Denver and Aspen are over; Telluride is yet to come
Colorado is now lauded as one of the country’s micro-brewing Meccas. It’s so slouch in the wine department either, which is great for me, because I’m not much of a beer-drinker. Of the two concluded and one upcoming major events in the state on three consecutive weekends, I just made it to one, last weekend’s first annual Colorado Wine Fest — at least a part of it. I got to the tasting. In my mind, I divide the tastings at wine festivals into two categories: indoor tastings where each winery sets up a table indoors to pour and indoor tastings where each one occupies a table in a small wine tent lining a street or set up in a park. Just an observation.
Colorado Winefest, June 9-11
The Colorado Mountain Winefest in Palisade has been going for two decades in the agricultural hamlet of Palisade near Grand Junction. The first one took place back in 1991, a modest event in the town park when the Colorado wine industry was in its infancy. It is now a robust adolescent with nearly 100 wineries, more than 50 of which are expected at the September festival. The Colorado Mountain Winefest begat the Colorado Winefest which debuted in Denver last weekend. As popular as the original in Palisade has become, there’s a lot to be said for bringing the product to the state’s big population center. Both are fundraisers for the Colorado Association for Viticulture and Enology (CAVE), a 501(c)6 non-profit organization of grape growers and winemakers of Colorado. Funds go toward education, seminars, research and equipment purchases to improve the grape growing and winemaking of Colorado wines.
Only Colorado wines (and a few meads) are poured at both last weekend’s Colorado Winefest and the the 20th annual Colorado Mountain Winefest, scheduled for September 15-18 in Palisade’s Riverbend Park. That distinguishes from every other wine festival in the state. Last weekend, at an outdoor tasting at Northfield/Stapleton, I tasted the output of some of Colorado’s pioneer wine-makers and some of the newest. I also met Bob and Mary Stahl who are developing a winery in Fort Lupton and expect to have wines next year. Fort Lupton!
Food and wine go together like, well, food and wine. I watched two chef demonstrations, one by Jean-Luc Voegele, a perennial top finisher in local culinary competitions. For those, he creates elaborate dishes to wow judges and attendees who vote for People’s Choice awards. For the audience at the Colorado Winefest, he prepared a simple dish — herb-roasted lamb, potatoes and ratatouille prepared to French perfection.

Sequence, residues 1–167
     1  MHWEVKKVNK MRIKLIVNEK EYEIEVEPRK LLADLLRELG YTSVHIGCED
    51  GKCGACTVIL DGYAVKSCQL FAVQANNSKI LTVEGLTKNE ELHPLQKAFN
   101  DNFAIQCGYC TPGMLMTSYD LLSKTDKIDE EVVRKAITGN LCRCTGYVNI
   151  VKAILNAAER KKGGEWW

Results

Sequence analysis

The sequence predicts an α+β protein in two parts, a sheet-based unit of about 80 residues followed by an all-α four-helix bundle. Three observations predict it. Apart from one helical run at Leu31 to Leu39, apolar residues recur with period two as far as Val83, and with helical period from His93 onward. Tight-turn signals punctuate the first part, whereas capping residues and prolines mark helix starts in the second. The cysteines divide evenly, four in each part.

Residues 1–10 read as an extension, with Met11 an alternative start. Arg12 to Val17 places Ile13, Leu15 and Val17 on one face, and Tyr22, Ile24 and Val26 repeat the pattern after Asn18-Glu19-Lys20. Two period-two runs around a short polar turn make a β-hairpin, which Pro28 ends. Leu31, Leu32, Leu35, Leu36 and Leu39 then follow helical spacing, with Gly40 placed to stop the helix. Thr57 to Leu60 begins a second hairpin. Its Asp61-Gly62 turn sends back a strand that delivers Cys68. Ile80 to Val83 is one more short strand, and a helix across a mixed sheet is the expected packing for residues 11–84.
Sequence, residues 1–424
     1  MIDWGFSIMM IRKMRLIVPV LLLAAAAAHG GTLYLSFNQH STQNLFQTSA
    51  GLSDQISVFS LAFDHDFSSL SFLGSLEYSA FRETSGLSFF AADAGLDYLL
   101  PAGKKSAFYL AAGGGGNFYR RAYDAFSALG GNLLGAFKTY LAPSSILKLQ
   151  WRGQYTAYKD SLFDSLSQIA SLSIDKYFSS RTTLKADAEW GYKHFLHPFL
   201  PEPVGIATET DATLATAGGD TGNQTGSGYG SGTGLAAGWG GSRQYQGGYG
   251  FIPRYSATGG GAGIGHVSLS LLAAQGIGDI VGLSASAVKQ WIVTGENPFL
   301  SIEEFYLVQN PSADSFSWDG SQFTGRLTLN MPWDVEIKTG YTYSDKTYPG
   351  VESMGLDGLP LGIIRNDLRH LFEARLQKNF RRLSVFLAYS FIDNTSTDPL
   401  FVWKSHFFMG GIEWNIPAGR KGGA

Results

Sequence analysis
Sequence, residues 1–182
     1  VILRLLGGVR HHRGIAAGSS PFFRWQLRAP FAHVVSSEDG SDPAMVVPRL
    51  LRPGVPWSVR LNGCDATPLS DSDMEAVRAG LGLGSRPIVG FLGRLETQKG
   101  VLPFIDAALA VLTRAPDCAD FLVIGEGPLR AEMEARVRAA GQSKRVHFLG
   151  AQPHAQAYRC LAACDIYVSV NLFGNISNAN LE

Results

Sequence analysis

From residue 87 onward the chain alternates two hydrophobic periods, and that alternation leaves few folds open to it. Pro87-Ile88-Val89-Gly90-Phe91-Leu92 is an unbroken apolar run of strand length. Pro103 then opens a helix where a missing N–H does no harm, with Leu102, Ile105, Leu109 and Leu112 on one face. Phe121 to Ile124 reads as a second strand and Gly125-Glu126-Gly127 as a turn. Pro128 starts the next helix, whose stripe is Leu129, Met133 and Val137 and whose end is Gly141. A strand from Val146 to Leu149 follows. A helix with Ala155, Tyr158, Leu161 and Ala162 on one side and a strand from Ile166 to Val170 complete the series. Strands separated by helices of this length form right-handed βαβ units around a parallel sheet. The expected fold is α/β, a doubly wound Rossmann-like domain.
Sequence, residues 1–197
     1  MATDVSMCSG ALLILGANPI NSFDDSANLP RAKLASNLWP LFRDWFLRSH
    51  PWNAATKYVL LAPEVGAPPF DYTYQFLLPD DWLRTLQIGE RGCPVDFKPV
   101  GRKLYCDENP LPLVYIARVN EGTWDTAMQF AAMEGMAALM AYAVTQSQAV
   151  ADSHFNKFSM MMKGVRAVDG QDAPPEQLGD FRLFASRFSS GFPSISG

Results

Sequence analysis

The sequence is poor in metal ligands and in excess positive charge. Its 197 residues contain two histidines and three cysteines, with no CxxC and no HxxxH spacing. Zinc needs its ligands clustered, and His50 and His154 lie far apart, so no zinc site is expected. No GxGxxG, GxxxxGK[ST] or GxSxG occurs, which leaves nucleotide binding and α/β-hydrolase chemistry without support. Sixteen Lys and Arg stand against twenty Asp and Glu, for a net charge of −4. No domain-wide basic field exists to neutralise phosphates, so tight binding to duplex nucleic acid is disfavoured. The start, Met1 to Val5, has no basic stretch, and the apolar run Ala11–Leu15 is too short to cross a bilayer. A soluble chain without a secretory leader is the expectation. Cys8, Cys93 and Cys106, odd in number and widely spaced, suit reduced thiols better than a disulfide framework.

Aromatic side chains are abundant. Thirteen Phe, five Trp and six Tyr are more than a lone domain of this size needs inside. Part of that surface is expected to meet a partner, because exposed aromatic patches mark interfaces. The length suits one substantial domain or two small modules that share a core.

This was an impressive premier of a new wine event — one that already was one of the largest on the Front Range right out of the starting blocks.
Food & Wine Classic in Aspen, June 17-19
I’ve often called the annual Food & Wine Classic in Aspen the Big Kahuna of food and wine events in Colorado – and one of America’s most prestigious. Everybody who is anybody in the culinary and wine world is there, but I guess I’m nobody because I wasn’t. Unless the pace has changed since I last attended, the first two days are intense, frenetic and dramatic – and on Sunday, today, things calm down considerably. There is a packed calendar of wine and other beverage seminars (some for the general public, some for the trade), cooking demonstrations by big-name celebrity chefs (the audiences don’t get to taste, however, just watch and drool), a phenomenal Grand Tasting in two huge tents and several smaller connecting tents and private parties galore.
The headline event is the introduction of Food and Wine magazines’ Best New Chefs of the year.
The 2011 winners are:
- Bowman Brown & Viet Pham, Forage, Salt Lake City
- Jason Franey, Canlis, Seattle
- Bryce Gilmore, Barley Swine and Odd Duck Farm to Trailer, Austin
- Stephanie Izard, Girl & The Goat, Chicago
- James Lewis, Bettola, Birmingham, Alabama
- George Mendes, Aldea, New York
- Carlo Mirarchi, Roberta’s, Brooklyn
- Joshua Skenes, Saison, San Francisco
- Kevin Willmann, Farmhaus, St. Louis
- Ricardo Zarate, Mo-Chica, Los Angeles
No Colorado chefs this year, but at least one from neighboring Utah, one from St. Louis, one from Alabama and only two from New York. A breakthrough year, I’d say.
Telluride Wine Festival, June 22-26
Telluride is one of my favorite towns, and its wine festival — the 30th annual this year — is a terrific event. More foodies, wine-lovers and industry folk than you might imagine hang around for a few days after Food and Wine in Aspen and head down to this enchanted town in southwestern Colorado. New to the Telluride Wine Festival this year are chef and Food Network personality Aarón Sánchez, chef Sue Torres and master sommelier Andrea Robinson.
Returning master somms are Doug Frost, Steve Olson and Greg Harrington. Master sommeliers Ken Fredrickson who used to be in Colorado and Bobby Stuckey who is a fixture on the Colorado wine and restaurant scene are on the roster too. This might just make it the greatest concentration of master sommeliers ever in a town of 2.200 people. Not surprising since this is a wine festival and not billed as a food and wine event.
Of the three festivals on three consecutive weekends in this one state, Telluride is the only one that hasn’t happened yet in 2011. Click here for ticket information. FWIW, the Grand Tasting will be indoors at The Peaks in Mountain Village, and that means tables but no little tents.